For the first time since March, Next Level Volleyball held sand workouts for all its athletes on May 11. It didn’t take long until one of the participants, sixth-grader Riley McGuffie, informed coach Jason Roemer she was tired. She found a rather creative way to express the sentiment, too.
“Coach Roemer, my legs feel funny, like when you season beef jerky and put it on the grill,” McGuffie said during the session’s first water break.
McGuffie and her peers might have felt sore during that workout, but they were thankful to be playing organized volleyball for the first time in two months.
When Texas Gov. Greg Abbott announced on April 27 that outdoor sports could resume as long as they were limited to four participants at a time, Next Level’s founder, Tony Vela, called Kerrville Mayor Bill Blackburn and asked whether he could use the club’s sand courts to hold Next Level practices.
Blackburn gave Vela a list of guidelines he had to follow; Vela gladly accepted the conditions. For the last two weeks, Next Level has hosted social-distancing workouts, where eight participants practice on two sand courts during each 75-minute session.
During that May 11 workout, Roemer noted his players were thrilled to see each other; after all, it had been awhile. Their energy levels were high during the first 15 minutes. But once their adrenaline faded, they shared McGuffie’s dilemma — they were exhausted.
It underscored the predicament that all high schools will face once they are allowed to host team workouts again: Coaches are going to inherit players who are incredibly out of shape.
That’s why Roemer and Vela are excited that their players are training on sand courts. There’s a reason major college football programs like Michigan have incorporated sand pits into their workout regimens: Fitness experts agree that training in the sand is one of the best full-body workouts available. Roemer and Vela know it will help their players regain the conditioning they had before the coronavirus pandemic.
“We missed a lot of reps,” said Roemer, who also coaches the Fredericksburg volleyball team. “In football and volleyball offseasons, that time after spring break to the end of May is very crucial to our programs. … You start building your team. We have missed a lot of chemistry, we have missed a lot of skills, and we have missed a lot of team-building activities during April and May.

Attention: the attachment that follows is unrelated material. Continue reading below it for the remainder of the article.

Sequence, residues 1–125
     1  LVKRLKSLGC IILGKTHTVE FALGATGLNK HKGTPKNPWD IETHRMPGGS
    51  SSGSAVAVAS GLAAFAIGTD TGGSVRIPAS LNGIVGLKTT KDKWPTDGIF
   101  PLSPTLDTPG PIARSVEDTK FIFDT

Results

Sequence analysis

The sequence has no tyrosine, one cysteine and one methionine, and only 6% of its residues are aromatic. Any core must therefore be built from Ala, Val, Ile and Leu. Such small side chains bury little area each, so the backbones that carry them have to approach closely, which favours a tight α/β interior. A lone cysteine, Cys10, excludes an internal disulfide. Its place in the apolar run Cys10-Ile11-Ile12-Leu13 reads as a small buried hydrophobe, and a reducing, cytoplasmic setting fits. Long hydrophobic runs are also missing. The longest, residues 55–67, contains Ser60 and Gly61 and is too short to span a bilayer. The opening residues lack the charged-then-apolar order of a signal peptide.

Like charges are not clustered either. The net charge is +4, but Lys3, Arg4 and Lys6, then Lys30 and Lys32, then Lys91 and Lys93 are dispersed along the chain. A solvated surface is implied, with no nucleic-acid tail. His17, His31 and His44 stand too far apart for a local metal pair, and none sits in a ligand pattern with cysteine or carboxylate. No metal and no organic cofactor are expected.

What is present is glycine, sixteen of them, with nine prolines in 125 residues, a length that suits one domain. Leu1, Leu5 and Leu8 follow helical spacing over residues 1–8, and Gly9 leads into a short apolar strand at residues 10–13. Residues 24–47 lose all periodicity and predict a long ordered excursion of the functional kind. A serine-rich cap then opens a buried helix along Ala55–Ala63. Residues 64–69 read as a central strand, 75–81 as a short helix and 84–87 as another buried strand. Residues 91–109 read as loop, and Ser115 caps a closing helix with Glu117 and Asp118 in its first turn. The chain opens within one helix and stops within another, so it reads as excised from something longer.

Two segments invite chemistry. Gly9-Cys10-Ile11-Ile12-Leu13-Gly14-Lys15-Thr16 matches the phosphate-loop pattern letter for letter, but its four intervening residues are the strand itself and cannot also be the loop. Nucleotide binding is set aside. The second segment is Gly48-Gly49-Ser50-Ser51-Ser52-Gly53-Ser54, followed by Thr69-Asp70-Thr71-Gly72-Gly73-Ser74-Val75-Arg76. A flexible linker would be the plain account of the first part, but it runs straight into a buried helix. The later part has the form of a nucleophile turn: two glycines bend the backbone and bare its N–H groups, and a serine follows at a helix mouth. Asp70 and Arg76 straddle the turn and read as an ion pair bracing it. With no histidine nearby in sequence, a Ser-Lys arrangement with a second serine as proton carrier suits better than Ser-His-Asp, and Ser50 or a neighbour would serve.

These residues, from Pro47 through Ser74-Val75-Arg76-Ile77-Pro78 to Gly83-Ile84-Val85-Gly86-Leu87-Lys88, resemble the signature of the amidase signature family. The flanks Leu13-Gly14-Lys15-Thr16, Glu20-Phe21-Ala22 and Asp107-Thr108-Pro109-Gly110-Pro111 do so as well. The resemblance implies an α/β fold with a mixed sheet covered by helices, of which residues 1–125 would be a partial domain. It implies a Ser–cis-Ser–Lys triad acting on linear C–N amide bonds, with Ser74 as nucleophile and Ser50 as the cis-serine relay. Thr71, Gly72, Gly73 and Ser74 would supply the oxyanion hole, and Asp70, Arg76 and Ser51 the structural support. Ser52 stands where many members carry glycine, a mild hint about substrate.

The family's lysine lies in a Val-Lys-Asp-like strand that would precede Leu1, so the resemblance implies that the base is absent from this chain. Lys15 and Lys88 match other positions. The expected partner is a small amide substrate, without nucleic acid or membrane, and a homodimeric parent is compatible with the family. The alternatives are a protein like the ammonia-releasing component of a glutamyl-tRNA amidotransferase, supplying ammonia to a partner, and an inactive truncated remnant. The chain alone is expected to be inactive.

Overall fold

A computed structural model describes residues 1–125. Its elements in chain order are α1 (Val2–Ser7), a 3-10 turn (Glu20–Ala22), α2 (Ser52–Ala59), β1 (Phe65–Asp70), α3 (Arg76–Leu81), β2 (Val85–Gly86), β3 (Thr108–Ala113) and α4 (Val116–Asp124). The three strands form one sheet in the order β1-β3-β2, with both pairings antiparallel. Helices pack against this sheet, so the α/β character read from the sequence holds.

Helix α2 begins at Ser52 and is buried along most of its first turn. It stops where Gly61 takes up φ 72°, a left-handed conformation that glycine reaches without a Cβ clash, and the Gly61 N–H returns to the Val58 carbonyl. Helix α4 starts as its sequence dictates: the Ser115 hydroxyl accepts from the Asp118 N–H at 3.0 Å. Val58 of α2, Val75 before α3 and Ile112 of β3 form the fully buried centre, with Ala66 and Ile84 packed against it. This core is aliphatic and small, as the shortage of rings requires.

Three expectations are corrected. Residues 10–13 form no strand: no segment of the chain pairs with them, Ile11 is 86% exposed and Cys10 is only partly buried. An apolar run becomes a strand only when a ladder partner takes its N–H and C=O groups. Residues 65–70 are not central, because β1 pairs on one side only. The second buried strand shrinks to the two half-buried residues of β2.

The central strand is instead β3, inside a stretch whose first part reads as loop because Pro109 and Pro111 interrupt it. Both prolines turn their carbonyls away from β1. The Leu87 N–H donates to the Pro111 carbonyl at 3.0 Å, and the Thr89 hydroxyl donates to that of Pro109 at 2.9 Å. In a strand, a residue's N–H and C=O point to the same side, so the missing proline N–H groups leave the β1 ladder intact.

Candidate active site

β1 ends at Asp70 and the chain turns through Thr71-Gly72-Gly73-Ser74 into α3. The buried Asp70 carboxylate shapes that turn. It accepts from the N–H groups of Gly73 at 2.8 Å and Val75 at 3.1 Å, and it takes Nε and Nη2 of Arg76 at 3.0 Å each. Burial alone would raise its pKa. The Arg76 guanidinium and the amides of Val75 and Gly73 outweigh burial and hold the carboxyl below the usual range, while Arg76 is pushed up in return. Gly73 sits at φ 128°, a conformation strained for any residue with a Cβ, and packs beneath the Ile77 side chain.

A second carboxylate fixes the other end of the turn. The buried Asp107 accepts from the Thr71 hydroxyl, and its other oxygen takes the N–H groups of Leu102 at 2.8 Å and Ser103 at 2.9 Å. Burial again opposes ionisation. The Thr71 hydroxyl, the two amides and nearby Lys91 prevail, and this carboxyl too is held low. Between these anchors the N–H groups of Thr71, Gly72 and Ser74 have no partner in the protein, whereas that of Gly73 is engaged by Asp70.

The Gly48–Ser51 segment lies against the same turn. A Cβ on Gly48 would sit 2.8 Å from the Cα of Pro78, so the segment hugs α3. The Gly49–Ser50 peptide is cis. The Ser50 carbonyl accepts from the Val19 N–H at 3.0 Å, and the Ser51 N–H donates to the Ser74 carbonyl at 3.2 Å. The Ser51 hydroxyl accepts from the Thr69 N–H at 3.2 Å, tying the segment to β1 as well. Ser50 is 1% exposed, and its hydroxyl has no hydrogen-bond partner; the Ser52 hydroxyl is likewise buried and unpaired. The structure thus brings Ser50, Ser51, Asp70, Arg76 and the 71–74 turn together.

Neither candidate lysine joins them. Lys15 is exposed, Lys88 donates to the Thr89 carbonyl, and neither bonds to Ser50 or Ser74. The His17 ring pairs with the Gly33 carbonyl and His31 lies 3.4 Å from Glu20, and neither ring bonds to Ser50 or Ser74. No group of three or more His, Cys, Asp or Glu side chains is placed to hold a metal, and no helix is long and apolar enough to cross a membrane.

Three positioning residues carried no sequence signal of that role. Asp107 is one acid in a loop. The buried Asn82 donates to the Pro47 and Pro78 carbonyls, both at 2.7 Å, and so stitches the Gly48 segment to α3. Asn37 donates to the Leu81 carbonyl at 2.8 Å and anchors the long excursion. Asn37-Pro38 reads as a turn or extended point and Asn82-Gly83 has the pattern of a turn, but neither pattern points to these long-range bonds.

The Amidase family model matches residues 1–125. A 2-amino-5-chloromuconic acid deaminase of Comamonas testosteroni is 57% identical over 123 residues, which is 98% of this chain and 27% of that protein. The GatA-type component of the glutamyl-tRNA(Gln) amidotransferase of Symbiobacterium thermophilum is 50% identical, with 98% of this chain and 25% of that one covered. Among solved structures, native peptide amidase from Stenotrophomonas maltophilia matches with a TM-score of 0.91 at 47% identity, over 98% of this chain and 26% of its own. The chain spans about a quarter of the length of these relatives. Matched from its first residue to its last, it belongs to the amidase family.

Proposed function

“That needs to be the focus as we get back together: Getting our kids back in shape and keeping the kids safe.”
Next Level’s coaches have done everything they can to create the safest environment possible. They sanitize their players’ hands and record their temperatures before they allow them to practice. Players whose temperatures exceed 99.5 degrees aren’t allowed to participate. They also frequently sanitize the volleyballs.
“It’s great having four kids per court and one coach per court,” Vela said. “Kids are getting so many reps. They are loving it because they are outside the house playing the game that they love. … They are getting so many touches on the ball, so much conditioning stamina, they are working on agility — all those things that will help them with their indoor game.”
And it’s allowed coaches and players to experience some joy again. Before May 11, it had been 11 weeks since Roemer had seen any of his players. McGuffie’s comments during the first water break reminded Roemer how much he enjoys interacting with players.
Players may be sore and exhausted as they try to get back into shape, but none are complaining. They are outdoors with their friends and playing the sport they love.
“These kids miss routine,” Vela said. “They miss working out; they miss their UIL sports or working out during the athletic period. This is important to them. … Kids need an escape right now. There’s just education and there’s home. What does a normal life look like right now? We don’t know. But for these kids who play volleyball, just having the opportunity to touch the volleyball helps make life normal to them.”